She adds that banks in countries with negative interest rates, such as Sweden, haven't hiked up their service charges.
However, Lovett-Reid adds that there's a chance that "larger commercial accounts" could be hit by an added cost of banking.
WOULD GETTING LOANS BE EASIER?
So if the central bank is hoping to encourage banks to help stimulate the economy, does that mean it'll be easier to get a loan?
Probably not, according to Lovett-Reid.
"I wouldn't say it'll be necessarily easier, because the banks will want to ensure that you qualify and you're a good lender. Banks will still have their criteria in place to make sure they're qualified borrowers."
Instead, she says banks will likely still exercise proper caution in the event of an economic doomsday.
"You can't lend everything you have because in the event the economy turns… we want to make sure we still have the strength of our financial institutions in place."
WOULD THIS AFFECT POTENTIAL HOMEBUYERS?
For Canadians looking to buy a home, negative interest rates likely wouldn't have much effect on the purchase.
Mortgage rates are tied to the bond market, Lovett-Reid says, and long-term estimations project bonds to go higher.
"This is simply a transaction between your financial institution and their financial institution, which is the Bank of Canada. So I don't think it will have an impact on someone trying to get a mortgage," Lovett-Reid said.
In fact, she says that encouraging Canadians to purchase new homes would benefit an economy with sub-zero interest rates.
"You're going to want people to continue to buy homes, because when people buy homes, goods are consumed," she said.
HOW ABOUT THE LOONIE?
If anything would suffer from negative interest rates, it's the Canadian dollar.
Lovett-Reid says money is "mobile, sensitive and scared," and that any weakness at the BOC could translate into fewer investors trusting Canadian banks with their cash.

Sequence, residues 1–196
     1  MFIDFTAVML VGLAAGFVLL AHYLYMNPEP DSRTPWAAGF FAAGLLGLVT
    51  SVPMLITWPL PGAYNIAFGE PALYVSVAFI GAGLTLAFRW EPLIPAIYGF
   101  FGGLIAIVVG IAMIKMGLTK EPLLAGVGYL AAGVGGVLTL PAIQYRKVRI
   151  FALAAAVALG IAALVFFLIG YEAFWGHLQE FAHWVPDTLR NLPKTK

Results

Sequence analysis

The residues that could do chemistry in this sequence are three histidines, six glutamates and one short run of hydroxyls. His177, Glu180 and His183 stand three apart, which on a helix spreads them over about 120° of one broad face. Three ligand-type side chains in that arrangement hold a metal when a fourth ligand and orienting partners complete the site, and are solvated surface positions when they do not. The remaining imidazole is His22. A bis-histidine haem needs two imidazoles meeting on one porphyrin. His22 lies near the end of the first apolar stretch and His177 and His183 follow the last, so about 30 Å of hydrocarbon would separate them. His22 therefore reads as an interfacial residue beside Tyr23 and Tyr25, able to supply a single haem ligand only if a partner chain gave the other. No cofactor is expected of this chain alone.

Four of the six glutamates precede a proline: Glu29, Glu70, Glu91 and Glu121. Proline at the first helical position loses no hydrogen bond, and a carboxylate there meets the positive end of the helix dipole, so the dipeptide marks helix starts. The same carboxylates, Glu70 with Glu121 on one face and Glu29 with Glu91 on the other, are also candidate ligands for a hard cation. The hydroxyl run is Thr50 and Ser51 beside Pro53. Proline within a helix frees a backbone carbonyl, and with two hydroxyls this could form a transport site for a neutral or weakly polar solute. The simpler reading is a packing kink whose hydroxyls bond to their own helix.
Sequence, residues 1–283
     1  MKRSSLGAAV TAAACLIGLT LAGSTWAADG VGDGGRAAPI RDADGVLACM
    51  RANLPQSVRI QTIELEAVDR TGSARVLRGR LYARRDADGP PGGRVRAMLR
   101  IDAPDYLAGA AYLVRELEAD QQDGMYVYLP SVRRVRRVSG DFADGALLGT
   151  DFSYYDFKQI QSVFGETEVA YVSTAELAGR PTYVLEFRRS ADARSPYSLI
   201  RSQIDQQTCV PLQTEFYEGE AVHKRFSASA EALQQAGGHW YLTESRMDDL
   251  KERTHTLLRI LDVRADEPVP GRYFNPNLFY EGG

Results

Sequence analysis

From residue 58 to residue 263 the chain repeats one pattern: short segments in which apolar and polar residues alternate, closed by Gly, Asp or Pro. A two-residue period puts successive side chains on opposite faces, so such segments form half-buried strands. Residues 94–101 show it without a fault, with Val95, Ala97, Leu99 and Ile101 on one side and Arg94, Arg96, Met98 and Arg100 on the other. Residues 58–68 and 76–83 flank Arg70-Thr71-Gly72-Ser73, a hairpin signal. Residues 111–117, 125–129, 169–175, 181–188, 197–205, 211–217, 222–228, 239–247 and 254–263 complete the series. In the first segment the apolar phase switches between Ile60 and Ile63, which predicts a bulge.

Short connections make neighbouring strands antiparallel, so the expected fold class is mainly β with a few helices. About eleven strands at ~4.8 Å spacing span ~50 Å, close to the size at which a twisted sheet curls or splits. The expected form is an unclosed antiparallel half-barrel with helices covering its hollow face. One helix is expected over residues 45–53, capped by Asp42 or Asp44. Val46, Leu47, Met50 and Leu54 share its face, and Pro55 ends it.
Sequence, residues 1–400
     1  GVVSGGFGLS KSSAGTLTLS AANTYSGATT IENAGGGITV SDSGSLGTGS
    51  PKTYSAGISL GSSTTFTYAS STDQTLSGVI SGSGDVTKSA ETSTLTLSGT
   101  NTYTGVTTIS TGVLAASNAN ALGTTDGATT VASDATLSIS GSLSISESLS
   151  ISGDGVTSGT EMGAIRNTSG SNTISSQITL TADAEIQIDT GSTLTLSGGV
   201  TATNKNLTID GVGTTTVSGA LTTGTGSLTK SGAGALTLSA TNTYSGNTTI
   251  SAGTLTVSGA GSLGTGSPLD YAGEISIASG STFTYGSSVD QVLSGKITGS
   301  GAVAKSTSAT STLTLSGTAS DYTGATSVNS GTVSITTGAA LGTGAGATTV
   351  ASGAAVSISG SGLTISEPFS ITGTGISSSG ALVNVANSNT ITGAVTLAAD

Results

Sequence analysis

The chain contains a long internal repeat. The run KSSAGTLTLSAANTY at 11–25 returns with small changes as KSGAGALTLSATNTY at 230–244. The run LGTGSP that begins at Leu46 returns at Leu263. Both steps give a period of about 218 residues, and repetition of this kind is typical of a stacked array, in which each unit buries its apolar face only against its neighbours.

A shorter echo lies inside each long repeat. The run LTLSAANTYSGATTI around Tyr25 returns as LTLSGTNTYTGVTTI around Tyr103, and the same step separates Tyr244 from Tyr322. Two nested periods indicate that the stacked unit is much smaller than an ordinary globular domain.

"It would be additional pressure on the Canadian dollar," she said. "People go where they get the biggest bang for their buck is … so people looking to make money on their money would go into the U.S. dollar.
THE FUTURE LOOKS BRIGHT
Alas, all this speculation is likely for naught, Lovett-Reid says, as the Canadian economy anticipates growth.
It's taken longer for the economy to "pass the baton" from the energy sector to manufacturing, but Canadian economists expect good news in the coming months, Lovett-Reid says.
"They are seeing some traction. They expect growth to pick up in 2016 and 2017," she said.
According to Craig Alexander, vice president of economic analysis for a policy research institute C.D. Howe, Poloz was simply revealing emergency "ammunition" in the BOC's arsenal of tools.
"It isn't that they expect it to weaken, it isn't that they're planning on providing a lot more stimulus, but he basically wanted to lay out the fact that they do have options at their disposal," he told CTV's Power Play last week.
Alexander pointed out that negative interest rates have been utilized in Europe and that the United States, which has a relatively strong economy, has dabbled with quantitative easing, a similarly experimental fiscal move.
"The fact is, the world doesn't end," he said.